On Dec 4, 7:14 pm, email@example.com wrote:
Take a look at the tips from FEMA about roofs:
Note the section where it says if you live in a hurricane prone area
to use 6 nails and not staples. Personally, I'd insist on that on my
own roof anywhere, as it's far more secure. I saw the same thing
happen to shingles at brand new condos 20 years ago during a
northeaster. The complex where I was living had nailed shingles
with sustained minimal damage. The new place across the street,
where they were nailed, had very substantial damage, with whole big
sections blown off as you describe.
I also agree with the post that you may have a legal case against the
company that installed them, provided the statute of limitations
hasn't run out. The obvious negative for you is the amount of time
that has expired. However, the fact that you had them back
immediately over the 2 years following the work shows that something
has been wrong all along. They are the roofing experts, are local,
and should know that for a house at the top of a wind blown hill,
staples should not be used.
To prevail, you;d need statements from some experts. A certified
home inspector would be one good one as he's independent with no axe
to grind. A couple of reports from other roofers that said the work
was done wrong together with estimates to correct would be good too.
Take pictures of everything. You could sue them in small claims
where you don't need a lawyer and the limit is usually $2K to $10K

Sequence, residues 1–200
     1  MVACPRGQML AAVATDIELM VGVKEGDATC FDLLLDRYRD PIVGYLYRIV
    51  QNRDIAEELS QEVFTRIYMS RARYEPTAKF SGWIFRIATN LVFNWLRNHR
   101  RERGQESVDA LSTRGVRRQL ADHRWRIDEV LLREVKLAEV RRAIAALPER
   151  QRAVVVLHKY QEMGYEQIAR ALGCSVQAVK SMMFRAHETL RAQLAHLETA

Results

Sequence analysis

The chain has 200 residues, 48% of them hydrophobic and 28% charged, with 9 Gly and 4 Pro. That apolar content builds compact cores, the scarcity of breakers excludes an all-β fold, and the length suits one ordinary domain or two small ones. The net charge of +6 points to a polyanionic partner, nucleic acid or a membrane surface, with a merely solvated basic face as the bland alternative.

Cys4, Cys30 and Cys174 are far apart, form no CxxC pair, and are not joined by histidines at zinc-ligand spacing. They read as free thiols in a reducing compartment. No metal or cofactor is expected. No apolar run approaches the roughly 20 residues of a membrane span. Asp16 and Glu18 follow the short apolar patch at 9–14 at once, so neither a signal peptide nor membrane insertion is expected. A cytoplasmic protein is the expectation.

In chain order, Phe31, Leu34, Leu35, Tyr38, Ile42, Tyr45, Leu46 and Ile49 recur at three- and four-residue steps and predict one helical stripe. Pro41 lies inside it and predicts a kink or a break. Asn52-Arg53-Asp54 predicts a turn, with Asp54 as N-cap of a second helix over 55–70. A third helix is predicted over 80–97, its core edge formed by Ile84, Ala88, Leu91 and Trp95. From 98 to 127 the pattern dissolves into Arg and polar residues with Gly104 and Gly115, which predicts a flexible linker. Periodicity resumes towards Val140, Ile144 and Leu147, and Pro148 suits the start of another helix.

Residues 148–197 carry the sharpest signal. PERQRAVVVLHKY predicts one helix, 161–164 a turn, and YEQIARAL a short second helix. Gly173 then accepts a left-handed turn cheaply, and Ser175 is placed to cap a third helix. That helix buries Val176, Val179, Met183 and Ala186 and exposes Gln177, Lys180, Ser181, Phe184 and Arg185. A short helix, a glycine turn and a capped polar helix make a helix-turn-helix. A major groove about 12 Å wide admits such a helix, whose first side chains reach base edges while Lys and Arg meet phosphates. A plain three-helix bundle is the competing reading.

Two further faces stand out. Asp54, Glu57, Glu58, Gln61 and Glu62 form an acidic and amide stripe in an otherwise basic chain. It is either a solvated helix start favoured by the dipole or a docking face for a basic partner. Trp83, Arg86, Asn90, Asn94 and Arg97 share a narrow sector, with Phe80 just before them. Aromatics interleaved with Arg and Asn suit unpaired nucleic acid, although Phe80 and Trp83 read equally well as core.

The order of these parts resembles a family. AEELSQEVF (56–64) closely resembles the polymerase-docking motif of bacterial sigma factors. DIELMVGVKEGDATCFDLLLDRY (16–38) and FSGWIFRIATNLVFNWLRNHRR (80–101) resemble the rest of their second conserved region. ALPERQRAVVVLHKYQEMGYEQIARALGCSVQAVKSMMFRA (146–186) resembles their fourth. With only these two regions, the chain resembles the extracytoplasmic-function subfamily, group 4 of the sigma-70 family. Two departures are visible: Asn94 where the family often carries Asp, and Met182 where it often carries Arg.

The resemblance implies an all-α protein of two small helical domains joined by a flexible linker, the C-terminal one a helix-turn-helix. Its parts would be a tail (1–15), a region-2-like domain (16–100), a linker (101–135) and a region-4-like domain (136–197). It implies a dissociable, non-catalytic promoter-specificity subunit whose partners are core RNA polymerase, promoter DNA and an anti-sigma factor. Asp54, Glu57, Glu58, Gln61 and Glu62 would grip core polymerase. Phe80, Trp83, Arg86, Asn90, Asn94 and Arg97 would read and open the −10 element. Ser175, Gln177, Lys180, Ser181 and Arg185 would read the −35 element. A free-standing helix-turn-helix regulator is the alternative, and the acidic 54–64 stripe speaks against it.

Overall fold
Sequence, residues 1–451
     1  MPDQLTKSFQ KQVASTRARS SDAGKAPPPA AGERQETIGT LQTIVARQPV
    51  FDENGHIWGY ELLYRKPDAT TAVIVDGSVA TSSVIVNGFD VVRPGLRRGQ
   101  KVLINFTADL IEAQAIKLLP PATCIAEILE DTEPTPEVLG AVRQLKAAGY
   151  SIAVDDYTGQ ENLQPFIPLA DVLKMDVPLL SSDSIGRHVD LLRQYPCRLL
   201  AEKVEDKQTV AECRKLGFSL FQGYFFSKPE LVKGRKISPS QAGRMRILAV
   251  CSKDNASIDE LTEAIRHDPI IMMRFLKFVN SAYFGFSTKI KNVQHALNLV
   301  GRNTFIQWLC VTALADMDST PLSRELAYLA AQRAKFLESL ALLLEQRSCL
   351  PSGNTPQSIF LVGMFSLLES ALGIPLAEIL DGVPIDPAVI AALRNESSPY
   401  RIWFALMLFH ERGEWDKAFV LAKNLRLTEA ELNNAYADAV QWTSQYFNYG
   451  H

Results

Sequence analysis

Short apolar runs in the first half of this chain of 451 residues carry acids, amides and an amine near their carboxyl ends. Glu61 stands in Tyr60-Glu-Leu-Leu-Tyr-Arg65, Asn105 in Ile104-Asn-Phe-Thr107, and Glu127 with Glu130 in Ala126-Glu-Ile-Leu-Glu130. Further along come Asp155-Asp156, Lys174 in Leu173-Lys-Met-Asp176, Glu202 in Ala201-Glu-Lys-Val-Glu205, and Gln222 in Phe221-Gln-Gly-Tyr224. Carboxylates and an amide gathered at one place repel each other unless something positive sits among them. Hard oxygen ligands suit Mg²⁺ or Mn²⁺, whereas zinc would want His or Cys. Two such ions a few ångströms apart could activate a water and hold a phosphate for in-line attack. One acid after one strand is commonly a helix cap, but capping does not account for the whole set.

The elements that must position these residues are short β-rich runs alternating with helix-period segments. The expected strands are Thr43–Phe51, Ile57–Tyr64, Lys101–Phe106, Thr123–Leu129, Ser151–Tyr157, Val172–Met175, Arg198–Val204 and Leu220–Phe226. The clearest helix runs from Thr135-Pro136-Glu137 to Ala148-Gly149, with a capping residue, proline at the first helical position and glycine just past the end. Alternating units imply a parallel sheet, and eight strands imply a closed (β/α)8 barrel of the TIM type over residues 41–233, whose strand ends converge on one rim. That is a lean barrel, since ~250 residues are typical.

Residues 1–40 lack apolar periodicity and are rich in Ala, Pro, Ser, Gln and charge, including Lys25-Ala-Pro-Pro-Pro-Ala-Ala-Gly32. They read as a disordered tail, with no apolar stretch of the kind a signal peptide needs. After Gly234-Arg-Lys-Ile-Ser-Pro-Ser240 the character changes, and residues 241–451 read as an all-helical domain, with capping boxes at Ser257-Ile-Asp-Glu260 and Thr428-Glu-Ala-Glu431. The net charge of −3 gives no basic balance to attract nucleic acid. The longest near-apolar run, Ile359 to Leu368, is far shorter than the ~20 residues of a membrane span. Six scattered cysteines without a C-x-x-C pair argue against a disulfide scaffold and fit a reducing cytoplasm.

depending on state. You probably have a 50-50 shot at winning, but
being able to sue at minimal cost could make it worth while.
On Dec 4, 4:53 pm, firstname.lastname@example.org wrote:
Thanks, but can what they said about the price be right?
"A roofing contractor will charge you about $100 to $150 per square
foot of roof area to remove and replace shingles and underlayment."
My roof is at least 60x30, not even counting the garage. That's
1800 sq ft, so they are saying it would cost around $200K for a new
roof??? Are they figuring in the cost of driving ice all over the
country or something?
Don't know about summer ........ cold weather is not a good time to
work, especially for a new roof. For a new roof installation, hot sun
helps melt the adhesive built into the shingles so that they lay flat
and adhere to each other. If you go about putting adhesive under the
tabs, warmth will help make them flex and not crack, but don't kill
There are some roofing material websites which give good instructions
about installing shingles. Just the instructions on the package of
shingles are pretty much of a "basic education" in roofing. Our Elk
shingles are laminated - two layers of stuff stuck together - with the
bottom layer only half the size of the shingle. The nailing line,
marked on the shingle, is critical as is measuring the overlap, laying a
chalk line to get them straight, etc. It isn't rocket science, but sure
can give you grief if not done right. I'm not familiar with other
brands of roofing, and there is a lot of variety in quality, style and
suitability for a particular roof and climate. I looked at Elk's
website, just for a random example. I don't know this particular
shingle, but the instruction sheet will give you a very good idea of
what is involved and why:
I would talk to neighbors with similar style roofs that look good and
get good references for contractors. Attic ventillation is an important
factor, as well. Something to learn about in regard to keeping your
roof in good shape.
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